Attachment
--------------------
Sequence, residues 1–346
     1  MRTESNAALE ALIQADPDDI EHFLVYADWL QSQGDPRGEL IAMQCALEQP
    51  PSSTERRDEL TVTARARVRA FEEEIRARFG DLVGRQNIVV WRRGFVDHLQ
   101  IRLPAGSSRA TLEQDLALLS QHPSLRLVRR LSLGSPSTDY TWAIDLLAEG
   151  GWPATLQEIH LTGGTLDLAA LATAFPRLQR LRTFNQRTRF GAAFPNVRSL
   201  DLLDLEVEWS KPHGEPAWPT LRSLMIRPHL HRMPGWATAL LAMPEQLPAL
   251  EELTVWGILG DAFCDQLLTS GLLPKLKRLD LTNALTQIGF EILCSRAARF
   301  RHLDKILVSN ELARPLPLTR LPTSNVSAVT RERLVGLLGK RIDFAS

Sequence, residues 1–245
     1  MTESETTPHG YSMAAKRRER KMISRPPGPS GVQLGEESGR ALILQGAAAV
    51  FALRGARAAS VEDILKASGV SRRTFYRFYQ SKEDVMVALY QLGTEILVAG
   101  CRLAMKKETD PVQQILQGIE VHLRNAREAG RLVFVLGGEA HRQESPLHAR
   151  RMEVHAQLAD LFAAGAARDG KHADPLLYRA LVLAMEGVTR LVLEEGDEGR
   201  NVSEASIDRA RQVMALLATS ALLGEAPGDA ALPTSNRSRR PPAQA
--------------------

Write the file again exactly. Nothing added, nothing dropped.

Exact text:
Sequence, residues 1–346
     1  MRTESNAALE ALIQADPDDI EHFLVYADWL QSQGDPRGEL IAMQCALEQP
    51  PSSTERRDEL TVTARARVRA FEEEIRARFG DLVGRQNIVV WRRGFVDHLQ
   101  IRLPAGSSRA TLEQDLALLS QHPSLRLVRR LSLGSPSTDY TWAIDLLAEG
   151  GWPATLQEIH LTGGTLDLAA LATAFPRLQR LRTFNQRTRF GAAFPNVRSL
   201  DLLDLEVEWS KPHGEPAWPT LRSLMIRPHL HRMPGWATAL LAMPEQLPAL
   251  EELTVWGILG DAFCDQLLTS GLLPKLKRLD LTNALTQIGF EILCSRAARF
   301  RHLDKILVSN ELARPLPLTR LPTSNVSAVT RERLVGLLGK RIDFAS

Sequence, residues 1–245
     1  MTESETTPHG YSMAAKRRER KMISRPPGPS GVQLGEESGR ALILQGAAAV
    51  FALRGARAAS VEDILKASGV SRRTFYRFYQ SKEDVMVALY QLGTEILVAG
   101  CRLAMKKETD PVQQILQGIE VHLRNAREAG RLVFVLGGEA HRQESPLHAR
   151  RMEVHAQLAD LFAAGAARDG KHADPLLYRA LVLAMEGVTR LVLEEGDEGR
   201  NVSEASIDRA RQVMALLATS ALLGEAPGDA ALPTSNRSRR PPAQA